Aquaculture — the business of farming aquatic plants and animals — is the fastest growing segment of U.S. agriculture. Aquaculture is based on sustained production of renewable resources, promotes a healthy environment and provides an economically viable form of agriculture. As phenomenal as the growth of aquaculture has been over the past three decades, there remains significant constraints to realizing its full potential as a major force in American agriculture.
NASDA believes aquaculture should be considered a form of agriculture in the broadest sense and aquaculture products should be viewed and treated as agricultural commodities. This means that the aquaculture industry should have access to USDA financing, crop insurance, soil and water conservation, commodity grading and other marketing services and be subject to USDA’s inspection and regulatory requirements comparable to those currently applicable to meat and poultry. Development of the aquaculture industry would be enhanced if the Department of Agriculture’s (USDA) leadership role in aquaculture was reaffirmed. Furthermore, we encourage USDA to work with other federal agencies including established Sea Grant and National Marine Fisheries Service (NMFS) programs in the Department of Commerce and U.S. Fish and Wildlife Service (FWS) programs within the Department of the Interior in order to enhance the role of the aquaculture industry in agriculture.
NASDA believes regulatory constraints imposed upon the aquaculture industry should be clarified, streamlined, and consolidated. The treatment of aquaculture as a form of agriculture by local, state and federal regulatory agencies should enhance development of the industry from a regulatory standpoint and provide a positive climate for development. Water Quality standards and regulation need to be based on science and reasonable risk assessment procedures. The US Environmental Protection Agency should rely strongly on the expertise within USDA and the aquaculture organizations in evaluating new technologies and best management practices for aquaculture, which can be utilized to improve water quality.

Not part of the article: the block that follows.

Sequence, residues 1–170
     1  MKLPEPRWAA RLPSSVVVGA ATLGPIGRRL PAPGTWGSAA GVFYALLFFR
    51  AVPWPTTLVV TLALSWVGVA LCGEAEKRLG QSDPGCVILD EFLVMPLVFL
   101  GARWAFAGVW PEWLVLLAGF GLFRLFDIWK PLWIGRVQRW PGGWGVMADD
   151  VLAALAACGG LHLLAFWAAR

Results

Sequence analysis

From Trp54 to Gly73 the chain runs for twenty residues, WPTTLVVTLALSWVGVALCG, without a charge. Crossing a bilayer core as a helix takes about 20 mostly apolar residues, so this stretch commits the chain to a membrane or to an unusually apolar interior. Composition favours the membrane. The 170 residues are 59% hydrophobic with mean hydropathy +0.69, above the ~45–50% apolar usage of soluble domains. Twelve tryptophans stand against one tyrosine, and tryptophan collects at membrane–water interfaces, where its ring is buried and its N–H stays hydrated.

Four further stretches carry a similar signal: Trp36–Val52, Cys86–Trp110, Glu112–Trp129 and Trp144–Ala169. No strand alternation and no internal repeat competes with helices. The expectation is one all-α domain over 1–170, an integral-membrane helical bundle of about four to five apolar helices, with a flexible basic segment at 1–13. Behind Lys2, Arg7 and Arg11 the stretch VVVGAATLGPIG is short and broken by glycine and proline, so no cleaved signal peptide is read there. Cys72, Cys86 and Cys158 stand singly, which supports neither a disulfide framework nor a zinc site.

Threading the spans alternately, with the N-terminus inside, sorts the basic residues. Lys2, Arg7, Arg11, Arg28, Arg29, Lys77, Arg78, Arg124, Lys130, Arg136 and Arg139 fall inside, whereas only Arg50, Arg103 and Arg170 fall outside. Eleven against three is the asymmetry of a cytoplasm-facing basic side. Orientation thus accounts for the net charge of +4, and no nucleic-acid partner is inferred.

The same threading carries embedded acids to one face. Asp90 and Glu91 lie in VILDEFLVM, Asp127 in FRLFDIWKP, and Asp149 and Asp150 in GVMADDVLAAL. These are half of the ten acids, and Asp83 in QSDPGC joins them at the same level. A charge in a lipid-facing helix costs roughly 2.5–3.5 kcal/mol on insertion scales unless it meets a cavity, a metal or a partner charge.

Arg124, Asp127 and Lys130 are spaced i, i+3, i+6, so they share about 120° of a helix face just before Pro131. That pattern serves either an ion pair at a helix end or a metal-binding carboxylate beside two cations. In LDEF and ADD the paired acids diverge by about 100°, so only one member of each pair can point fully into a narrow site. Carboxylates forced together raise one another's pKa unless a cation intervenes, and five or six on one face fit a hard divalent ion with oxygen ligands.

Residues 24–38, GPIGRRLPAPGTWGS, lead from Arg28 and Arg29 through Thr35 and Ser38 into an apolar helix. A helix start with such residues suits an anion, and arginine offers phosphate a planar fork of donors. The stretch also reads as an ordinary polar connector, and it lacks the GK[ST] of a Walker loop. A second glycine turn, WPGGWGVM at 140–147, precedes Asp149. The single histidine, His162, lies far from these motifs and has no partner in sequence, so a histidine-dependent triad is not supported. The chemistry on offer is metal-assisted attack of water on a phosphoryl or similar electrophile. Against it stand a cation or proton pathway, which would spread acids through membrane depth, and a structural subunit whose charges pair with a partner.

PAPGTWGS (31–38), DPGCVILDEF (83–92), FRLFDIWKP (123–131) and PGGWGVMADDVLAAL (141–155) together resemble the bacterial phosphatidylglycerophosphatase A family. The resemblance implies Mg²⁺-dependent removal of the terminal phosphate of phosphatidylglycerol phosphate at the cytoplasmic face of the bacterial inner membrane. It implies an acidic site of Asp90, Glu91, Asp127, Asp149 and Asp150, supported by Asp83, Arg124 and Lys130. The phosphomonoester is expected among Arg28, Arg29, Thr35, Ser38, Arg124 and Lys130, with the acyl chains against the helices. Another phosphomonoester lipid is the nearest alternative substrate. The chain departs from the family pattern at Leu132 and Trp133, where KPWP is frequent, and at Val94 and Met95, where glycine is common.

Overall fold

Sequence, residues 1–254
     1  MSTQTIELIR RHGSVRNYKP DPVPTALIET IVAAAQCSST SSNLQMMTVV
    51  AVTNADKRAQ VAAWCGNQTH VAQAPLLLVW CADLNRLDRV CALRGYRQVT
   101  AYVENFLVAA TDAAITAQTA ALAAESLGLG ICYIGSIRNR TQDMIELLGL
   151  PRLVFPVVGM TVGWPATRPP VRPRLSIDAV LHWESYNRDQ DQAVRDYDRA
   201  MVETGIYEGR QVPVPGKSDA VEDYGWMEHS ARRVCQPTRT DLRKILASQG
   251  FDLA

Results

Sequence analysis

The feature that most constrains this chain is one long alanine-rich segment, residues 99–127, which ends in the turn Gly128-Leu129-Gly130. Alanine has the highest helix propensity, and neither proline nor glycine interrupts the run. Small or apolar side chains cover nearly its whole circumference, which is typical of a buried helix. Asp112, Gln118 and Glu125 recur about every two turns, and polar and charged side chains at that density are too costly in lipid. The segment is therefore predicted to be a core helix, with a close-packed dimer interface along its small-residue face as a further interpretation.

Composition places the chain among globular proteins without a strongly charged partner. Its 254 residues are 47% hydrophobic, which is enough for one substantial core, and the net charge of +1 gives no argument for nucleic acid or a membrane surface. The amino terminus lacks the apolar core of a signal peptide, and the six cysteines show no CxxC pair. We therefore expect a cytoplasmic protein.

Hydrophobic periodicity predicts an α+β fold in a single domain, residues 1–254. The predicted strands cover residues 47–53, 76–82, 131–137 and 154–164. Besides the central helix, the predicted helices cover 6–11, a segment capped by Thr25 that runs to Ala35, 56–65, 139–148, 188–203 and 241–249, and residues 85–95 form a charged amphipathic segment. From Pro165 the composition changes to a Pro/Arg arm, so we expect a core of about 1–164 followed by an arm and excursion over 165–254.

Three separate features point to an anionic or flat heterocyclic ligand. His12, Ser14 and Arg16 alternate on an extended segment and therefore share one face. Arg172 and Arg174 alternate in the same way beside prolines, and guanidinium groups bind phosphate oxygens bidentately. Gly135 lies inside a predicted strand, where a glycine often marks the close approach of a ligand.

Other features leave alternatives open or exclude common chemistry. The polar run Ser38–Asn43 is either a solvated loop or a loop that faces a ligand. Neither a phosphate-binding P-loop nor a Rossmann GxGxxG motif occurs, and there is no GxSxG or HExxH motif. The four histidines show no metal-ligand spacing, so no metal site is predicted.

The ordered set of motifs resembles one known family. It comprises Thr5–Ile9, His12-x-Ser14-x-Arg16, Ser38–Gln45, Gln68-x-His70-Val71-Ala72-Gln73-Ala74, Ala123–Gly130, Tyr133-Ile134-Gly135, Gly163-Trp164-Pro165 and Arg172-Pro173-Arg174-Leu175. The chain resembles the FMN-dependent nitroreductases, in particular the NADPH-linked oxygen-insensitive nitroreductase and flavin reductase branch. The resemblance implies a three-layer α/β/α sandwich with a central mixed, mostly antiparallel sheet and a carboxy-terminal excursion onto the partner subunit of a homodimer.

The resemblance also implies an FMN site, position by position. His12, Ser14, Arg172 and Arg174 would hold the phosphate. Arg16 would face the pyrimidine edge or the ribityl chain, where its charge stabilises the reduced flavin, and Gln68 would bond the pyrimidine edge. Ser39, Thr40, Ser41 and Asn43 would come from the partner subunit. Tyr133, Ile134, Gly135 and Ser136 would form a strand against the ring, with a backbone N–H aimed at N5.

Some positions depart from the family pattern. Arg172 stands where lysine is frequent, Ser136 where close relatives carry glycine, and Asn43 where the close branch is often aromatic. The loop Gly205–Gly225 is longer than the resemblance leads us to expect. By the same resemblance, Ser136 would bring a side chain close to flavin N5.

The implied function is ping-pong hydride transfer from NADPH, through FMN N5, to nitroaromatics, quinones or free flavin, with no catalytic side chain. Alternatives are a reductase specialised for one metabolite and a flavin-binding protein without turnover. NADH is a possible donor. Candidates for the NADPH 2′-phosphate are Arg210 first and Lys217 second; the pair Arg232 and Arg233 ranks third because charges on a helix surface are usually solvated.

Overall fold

We believe the development of sound marketing strategies is crucial to the orderly and progressive development of the U.S. aquaculture industry. The research, extension and market development infrastructure utilized for other agricultural commodities has not adequately addressed opportunities for aquaculture. There is a need for collaborative research and education (with industry participation) to better identify consumption trends, market structure, market access, market elasticity, regional preferences, product form and demand equations from a regional, national, and international perspective. The opportunity for new international markets and the rise in competition from abroad increases the need for continued and expanded evaluation of foreign markets, trade constraints and markets potentials.
Further, there is a need for improved crop and marketing reports and a better definition of market relationships among domestic and foreign aquaculture products and traditional fisheries products. We support strong marketing education of producers and processors as well as consumers such as home processing, preparation and the nutritional quality of aquaculture products.